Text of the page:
Singapore and the Thailand-Burma Railway

A Royal Coast Review recommended good read

This book presents one of the most vivid descriptions of day-to-day life in a Japanese POW labour camp to have appeared so far. The story follows the experiences of the Norfolk Territorial Regiment from 1942 to 1945, under the command of Lt. Col. Knights, during and after the fall of Singapore. 

Many will recollect having seen the film, The Bridge on The River Kwai. It tended to fictionalise certain matters of fact. This book, drawn directly from a memoir only recently uncovered, reveals that the Japanese designed railway was successfully completed with the forced labour of Allied troops in conjunction with Chinese and Malay captives. 

The Royal Norfolks were allocated a section of the line which required excavating deep cuttings in the rock hills parallel with the river. They had their ‘own’ camp with a Japanese officer in charge. He constantly pressed for quicker progress, and for work to be done by all the prisoners, including those in the camp hospital and their officers, contrary to international law.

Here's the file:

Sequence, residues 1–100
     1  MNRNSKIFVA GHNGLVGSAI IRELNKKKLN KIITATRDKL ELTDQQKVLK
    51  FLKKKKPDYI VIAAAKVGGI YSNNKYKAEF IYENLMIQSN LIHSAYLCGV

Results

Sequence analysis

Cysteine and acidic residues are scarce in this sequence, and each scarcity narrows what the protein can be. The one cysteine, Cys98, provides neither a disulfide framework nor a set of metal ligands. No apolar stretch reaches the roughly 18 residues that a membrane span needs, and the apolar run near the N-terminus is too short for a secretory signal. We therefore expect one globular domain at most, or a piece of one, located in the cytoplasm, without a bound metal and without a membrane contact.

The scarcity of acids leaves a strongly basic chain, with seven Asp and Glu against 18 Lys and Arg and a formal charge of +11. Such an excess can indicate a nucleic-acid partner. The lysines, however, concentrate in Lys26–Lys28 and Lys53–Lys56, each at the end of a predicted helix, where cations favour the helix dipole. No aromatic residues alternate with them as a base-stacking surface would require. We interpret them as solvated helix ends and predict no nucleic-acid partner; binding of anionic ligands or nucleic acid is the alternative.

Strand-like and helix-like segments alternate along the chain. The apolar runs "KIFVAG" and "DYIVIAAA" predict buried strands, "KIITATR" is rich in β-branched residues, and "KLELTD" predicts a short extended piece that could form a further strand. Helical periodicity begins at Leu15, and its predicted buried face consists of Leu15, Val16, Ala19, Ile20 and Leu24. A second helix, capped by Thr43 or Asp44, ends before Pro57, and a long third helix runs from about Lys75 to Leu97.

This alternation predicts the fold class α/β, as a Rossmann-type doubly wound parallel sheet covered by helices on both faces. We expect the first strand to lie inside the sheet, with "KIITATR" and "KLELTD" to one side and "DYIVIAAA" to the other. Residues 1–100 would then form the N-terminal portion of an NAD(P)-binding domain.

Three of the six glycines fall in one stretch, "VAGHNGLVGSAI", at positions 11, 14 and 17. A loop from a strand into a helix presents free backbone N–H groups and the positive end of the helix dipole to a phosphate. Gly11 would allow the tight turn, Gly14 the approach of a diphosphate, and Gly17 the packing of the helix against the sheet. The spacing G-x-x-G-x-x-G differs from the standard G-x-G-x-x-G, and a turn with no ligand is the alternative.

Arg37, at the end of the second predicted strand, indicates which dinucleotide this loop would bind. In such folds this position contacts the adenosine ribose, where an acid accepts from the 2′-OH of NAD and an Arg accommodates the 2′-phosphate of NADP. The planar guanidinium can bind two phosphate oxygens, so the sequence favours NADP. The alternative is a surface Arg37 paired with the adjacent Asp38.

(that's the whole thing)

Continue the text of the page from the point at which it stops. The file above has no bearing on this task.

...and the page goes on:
The Regiment’s experiences are reported by Lt. Col. Knights in his book. He gives details of his own and others’ sufferings, both those inflicted by their captors and those occurring from tropical diseases and insects, all being worsened by a lack of medicines and food. Some of the local Thais, at great risk to themselves, provided a little of both of those commodities. 

After the railway was completed, the survivors were marched back into Thailand. There they were required to dig a deep ditch round their camp. It was suspected that this would be their grave when they were shot, if the Japanese decided that they had lost the war. Fortunately the two atomic bombs resulted in the Japanese Emperor himself announcing their surrender, forestalling that action. 
The final chapters of the book are filled with excitement and tension in the efforts of the British officers to hoodwink their captors.